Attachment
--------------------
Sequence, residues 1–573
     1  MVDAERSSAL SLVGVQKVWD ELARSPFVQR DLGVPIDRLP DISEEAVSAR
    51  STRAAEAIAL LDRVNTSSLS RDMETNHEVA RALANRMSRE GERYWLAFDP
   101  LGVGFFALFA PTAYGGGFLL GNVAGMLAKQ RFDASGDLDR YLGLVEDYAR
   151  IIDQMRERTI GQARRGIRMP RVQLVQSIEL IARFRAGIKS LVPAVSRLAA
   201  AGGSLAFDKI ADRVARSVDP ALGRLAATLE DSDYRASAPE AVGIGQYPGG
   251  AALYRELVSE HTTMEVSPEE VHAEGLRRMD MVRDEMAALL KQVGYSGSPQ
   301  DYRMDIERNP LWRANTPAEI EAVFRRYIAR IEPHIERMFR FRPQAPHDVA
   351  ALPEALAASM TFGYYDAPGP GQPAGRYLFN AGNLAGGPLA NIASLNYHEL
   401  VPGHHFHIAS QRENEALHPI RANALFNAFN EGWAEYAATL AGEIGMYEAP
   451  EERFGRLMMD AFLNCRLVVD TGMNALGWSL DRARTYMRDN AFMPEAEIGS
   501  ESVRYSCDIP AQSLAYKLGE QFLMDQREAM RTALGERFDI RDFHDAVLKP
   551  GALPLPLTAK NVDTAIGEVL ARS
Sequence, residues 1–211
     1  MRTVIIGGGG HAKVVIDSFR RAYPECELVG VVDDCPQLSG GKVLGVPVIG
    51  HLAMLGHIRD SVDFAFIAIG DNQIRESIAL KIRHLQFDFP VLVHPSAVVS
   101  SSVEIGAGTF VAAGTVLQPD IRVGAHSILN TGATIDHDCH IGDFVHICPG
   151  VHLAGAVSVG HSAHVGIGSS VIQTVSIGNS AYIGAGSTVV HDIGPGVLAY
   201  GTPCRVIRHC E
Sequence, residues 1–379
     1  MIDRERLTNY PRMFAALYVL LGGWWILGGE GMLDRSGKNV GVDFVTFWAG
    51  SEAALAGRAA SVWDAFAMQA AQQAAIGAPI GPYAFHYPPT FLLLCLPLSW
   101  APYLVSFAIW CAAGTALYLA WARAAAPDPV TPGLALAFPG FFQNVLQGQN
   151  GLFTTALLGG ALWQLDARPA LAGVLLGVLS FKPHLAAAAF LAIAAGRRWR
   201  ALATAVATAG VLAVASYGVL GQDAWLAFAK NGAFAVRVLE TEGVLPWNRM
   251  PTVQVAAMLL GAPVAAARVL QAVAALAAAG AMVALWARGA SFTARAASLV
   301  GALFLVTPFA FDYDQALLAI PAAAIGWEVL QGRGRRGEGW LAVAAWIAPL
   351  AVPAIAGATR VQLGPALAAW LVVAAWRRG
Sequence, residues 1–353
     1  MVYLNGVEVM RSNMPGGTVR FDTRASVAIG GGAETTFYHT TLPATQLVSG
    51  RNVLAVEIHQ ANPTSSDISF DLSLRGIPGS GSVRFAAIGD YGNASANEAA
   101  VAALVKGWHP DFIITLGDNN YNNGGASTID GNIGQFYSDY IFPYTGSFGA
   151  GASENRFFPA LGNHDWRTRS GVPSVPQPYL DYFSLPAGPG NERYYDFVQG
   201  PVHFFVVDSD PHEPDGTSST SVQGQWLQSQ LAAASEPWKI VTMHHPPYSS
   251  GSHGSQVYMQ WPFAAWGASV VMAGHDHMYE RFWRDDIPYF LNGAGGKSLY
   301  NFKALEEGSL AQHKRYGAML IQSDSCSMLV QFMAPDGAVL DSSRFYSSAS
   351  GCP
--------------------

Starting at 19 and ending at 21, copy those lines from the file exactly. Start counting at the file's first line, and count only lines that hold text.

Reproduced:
   201  GTPCRVIRHC E
Sequence, residues 1–379
     1  MIDRERLTNY PRMFAALYVL LGGWWILGGE GMLDRSGKNV GVDFVTFWAG